Chapter 21 – Neuroterrorism and Drug Overdose in the Neurocritical Care Unit


Knowledge of proper clinical management of drug overdose and chemical and biological toxin exposure is important for the neurocritical care specialist. Many of the common offenders principally affect the central nervous system (CNS). Even those that do not will lead to a severely incapacitated state when overdosed such that the afflicted patient will require critical care in an intensive care unit (ICU).

Chapter 21 Neuroterrorism and Drug Overdose in the Neurocritical Care Unit

John J. Lewin III, Mohit Datta , and Geoffrey S. F. Ling


Knowledge of proper clinical management of drug overdose and chemical and biological toxin exposure is important for the neurocritical care specialist. Many of the common offenders principally affect the central nervous system (CNS). Even those that do not will lead to a severely incapacitated state when overdosed such that the afflicted patient will require critical care in an intensive care unit (ICU).

Typically, drug overdose that occurs outside of the hospital is first managed in the emergency department and then, if critical care is needed, in the medical ICU. However, there are medications that are used in the neurocritical care unit (NCCU) that may lead to toxic overdose either through inadvertent provider error or because of changes in a patient’s drug elimination. The most common offending medications are analgesics, antipyretics, mood stabilizers, and sedative hypnotics.

Sadly, there is another circumstance in which the neurointensivist may be called on to treat patients suffering from toxic overdose: a chemical or biological terrorist act. In this situation, emergency medicine and medical critical care physicians will be quickly overwhelmed, and it is certain that the neurocritical care specialist will be called upon to assist. Thus, a discussion of the clinical management of patients suffering from exposure to the leading known chemical weapons is warranted.

The opinions presented herein belong solely to those of the authors. They do not nor do they imply belonging to or endorsement by the Uniformed Services University of the Health Sciences, U.S. Army, Department of Defense, or U.S. Government.

General Management of Drug Overdose

The most common medications leading to overdose are analgesics, antipyretics, sedative hypnotics, anticonvulsants, anticoagulants, antidepressants, bronchodilators, and antiarrhythmics. All are common medications used in the NCCU.

General clinical management begins with the ABCs: airway, breathing, and circulation. For patients with compromised mental status, adequacy of the airway in terms of both patency and patient’s ability to protect it must be determined. If the patient has a Glasgow Coma Scale (GCS) score <8, then an artificial airway should be placed, such as by endotracheal intubation. Mechanical ventilation and supplemental oxygen in such circumstances is not always needed, but may be if the patient has aspirated. Appropriate hemodynamic management, consisting of fluid resuscitation, vasopressors, and/or inotropes may also be required in cases resulting in myocardial depression and/or vasodilation.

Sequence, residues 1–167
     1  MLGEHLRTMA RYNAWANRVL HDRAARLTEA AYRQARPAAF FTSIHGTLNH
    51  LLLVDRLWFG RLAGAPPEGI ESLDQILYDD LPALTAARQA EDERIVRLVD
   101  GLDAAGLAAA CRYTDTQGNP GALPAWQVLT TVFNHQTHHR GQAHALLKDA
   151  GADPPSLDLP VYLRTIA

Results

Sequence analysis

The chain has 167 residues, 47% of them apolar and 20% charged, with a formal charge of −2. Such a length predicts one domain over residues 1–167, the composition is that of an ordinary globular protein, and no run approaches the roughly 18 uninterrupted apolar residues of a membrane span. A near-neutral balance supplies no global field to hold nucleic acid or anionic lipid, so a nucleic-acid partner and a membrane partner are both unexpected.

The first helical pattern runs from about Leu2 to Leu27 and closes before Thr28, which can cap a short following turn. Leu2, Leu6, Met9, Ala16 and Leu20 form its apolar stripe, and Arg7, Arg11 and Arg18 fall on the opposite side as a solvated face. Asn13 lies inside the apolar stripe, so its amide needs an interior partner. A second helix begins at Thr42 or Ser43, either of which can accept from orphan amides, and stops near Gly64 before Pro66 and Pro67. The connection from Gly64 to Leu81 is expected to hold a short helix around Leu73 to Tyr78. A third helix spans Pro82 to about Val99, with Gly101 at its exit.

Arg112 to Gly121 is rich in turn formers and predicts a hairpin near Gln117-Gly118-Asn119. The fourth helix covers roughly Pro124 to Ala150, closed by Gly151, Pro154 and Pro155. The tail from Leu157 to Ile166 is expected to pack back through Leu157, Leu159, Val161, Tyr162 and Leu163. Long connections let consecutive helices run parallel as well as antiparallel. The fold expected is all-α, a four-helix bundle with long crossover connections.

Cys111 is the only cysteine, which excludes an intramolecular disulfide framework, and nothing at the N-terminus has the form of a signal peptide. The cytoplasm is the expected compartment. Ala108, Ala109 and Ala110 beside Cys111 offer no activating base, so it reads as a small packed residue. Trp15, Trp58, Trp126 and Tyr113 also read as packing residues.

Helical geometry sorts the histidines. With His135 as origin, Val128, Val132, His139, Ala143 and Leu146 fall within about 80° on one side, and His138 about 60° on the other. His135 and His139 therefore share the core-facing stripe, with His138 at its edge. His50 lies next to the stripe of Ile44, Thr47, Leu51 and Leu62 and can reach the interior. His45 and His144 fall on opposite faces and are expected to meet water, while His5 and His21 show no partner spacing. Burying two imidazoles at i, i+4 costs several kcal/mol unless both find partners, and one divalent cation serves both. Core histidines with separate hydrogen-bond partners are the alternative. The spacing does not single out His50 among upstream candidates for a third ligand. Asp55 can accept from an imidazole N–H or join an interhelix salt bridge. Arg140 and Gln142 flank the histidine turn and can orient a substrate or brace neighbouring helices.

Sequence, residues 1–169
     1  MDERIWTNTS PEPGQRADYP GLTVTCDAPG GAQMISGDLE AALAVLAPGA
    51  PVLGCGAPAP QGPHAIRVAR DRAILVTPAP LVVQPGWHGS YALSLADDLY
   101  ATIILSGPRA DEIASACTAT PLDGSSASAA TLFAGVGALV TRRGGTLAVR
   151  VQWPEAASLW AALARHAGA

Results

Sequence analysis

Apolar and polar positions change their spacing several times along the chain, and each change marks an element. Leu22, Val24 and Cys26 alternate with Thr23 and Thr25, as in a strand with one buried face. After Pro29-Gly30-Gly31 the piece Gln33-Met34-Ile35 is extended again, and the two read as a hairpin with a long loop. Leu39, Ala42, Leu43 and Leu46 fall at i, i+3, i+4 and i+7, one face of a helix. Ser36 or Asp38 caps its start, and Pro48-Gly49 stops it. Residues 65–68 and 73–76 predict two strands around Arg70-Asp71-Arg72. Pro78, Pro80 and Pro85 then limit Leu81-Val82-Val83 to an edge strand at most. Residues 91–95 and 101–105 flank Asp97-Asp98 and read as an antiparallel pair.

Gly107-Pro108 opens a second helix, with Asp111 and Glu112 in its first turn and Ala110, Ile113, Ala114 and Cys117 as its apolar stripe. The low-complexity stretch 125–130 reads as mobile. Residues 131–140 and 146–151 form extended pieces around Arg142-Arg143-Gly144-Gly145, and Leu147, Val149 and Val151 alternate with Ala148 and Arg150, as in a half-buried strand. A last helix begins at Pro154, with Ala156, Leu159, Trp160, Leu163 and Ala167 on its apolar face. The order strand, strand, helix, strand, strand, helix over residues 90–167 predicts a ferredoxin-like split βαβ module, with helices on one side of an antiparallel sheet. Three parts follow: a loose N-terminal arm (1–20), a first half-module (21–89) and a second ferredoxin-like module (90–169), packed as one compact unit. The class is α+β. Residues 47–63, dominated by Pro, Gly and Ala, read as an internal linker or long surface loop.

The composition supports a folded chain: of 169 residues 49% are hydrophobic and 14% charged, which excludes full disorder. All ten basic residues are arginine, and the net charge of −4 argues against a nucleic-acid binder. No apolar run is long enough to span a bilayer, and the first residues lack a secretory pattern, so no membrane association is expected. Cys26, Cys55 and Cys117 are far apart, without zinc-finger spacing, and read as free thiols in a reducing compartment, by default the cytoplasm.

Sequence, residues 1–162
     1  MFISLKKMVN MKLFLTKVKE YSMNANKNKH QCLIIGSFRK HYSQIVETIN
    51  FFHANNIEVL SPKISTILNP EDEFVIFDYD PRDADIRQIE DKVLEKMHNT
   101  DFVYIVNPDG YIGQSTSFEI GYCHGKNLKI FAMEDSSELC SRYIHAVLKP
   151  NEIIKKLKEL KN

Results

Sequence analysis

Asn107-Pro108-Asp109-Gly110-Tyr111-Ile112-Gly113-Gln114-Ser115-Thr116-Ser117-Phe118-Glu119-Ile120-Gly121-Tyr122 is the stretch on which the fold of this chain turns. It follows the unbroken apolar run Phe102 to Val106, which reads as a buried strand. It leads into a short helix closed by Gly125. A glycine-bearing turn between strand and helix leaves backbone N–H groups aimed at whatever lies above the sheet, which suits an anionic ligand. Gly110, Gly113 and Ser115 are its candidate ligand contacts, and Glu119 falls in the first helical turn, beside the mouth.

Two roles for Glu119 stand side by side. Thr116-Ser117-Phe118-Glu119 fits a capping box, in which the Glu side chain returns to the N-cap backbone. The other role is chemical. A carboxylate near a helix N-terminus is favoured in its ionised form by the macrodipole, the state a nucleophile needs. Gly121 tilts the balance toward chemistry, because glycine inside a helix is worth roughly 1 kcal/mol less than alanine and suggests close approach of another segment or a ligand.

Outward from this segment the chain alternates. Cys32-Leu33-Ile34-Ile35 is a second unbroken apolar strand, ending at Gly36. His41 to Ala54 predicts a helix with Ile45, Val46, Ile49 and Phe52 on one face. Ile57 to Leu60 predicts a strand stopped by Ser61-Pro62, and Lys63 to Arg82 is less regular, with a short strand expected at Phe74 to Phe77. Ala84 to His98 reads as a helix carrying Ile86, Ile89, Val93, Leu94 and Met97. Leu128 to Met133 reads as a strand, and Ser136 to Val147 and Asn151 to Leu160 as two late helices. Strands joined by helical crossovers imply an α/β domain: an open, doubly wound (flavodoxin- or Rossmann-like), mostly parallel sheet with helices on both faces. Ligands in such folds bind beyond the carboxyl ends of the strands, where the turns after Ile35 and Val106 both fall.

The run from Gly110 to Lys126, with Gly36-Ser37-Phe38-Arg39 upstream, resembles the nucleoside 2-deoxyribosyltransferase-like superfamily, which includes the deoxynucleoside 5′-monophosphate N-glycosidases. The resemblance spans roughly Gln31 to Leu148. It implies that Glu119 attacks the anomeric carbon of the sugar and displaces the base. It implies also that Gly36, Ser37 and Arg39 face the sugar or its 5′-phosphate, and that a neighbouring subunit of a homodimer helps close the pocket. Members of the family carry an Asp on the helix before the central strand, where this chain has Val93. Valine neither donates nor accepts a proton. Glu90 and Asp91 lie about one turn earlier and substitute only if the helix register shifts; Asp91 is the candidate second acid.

After ensuring the above, the clinician will need to recognize if the patient’s condition is caused by a pharmacologic agent. The optimal way to identify the offending agent is to execute a careful and systematic approach beginning with taking a good history and culminating with laboratory tests. History and review of systems are especially useful. During overdose, the patient may not be able to provide details, but the medical record and witness accounts may be illuminating. The physical exam may also reveal specific clinical clues such as pinpoint pupils in narcotic overdose or nystagmus in anticonvulsant excess. Laboratory testing may provide the critical evidence, such as metabolic acidosis in aspirin toxicity or excessive drug levels in barbiturate overdose.

After ascertaining that the patient is suffering from an overdose, pharmacokinetic-directed interventions should be initiated. Further drug absorption needs to be abated. Activated charcoal is the most commonly used agent for this purpose. Owing to its extensive surface area, activated charcoal binds many drugs that have not yet been absorbed across the gastrointestinal tract. Once bound, the charcoal–drug mixture is excreted fecally. There is also evidence that activated charcoal interferes with enteroenteric, enterogastric, and enterohepatic recirculation of absorbed drug. The most common side effect is emesis, which has largely been controlled by removing sorbitol from preparations. It should be noted that rigorous scientific evidence is lacking that supports activated charcoal efficacy. In vitro adsorption studies are not always predictive of the drug’s effects in vivo. Therefore, human studies are necessary to determine efficacy of activated charcoal for any given drug or chemical [Reference Chyka, Seger, Krenzelok and Vale1].

In accordance with recent American Academy of Clinical Toxicologists and the European Association of Poison Centres and Clinical Toxicologists (AACT/EAPCCT) guidelines, if the drug was ingested within one hour, then activated charcoal can be given. If not, activated charcoal will have minimal impact. Before treatment, it is critical that airway protection is established to minimize aspiration of charcoal or emesis. Once airway protection is accomplished, activated charcoal can be administered via a nasogastric tube. The recommended dose for adults is 25–100 g (1–2 g/kg). Dilute with a minimum of 240 mL of water for each 20–30 g of activated charcoal as an aqueous slurry. After the initial dose, charcoal can be administered every hour, every two hours, or every four hours at doses equivalent to 12.5 g/h. Activated charcoal should be continued until relevant laboratory parameters (i.e. drug concentrations) improve. There is no recommended maximum dose [Reference Chyka, Seger, Krenzelok and Vale1,2].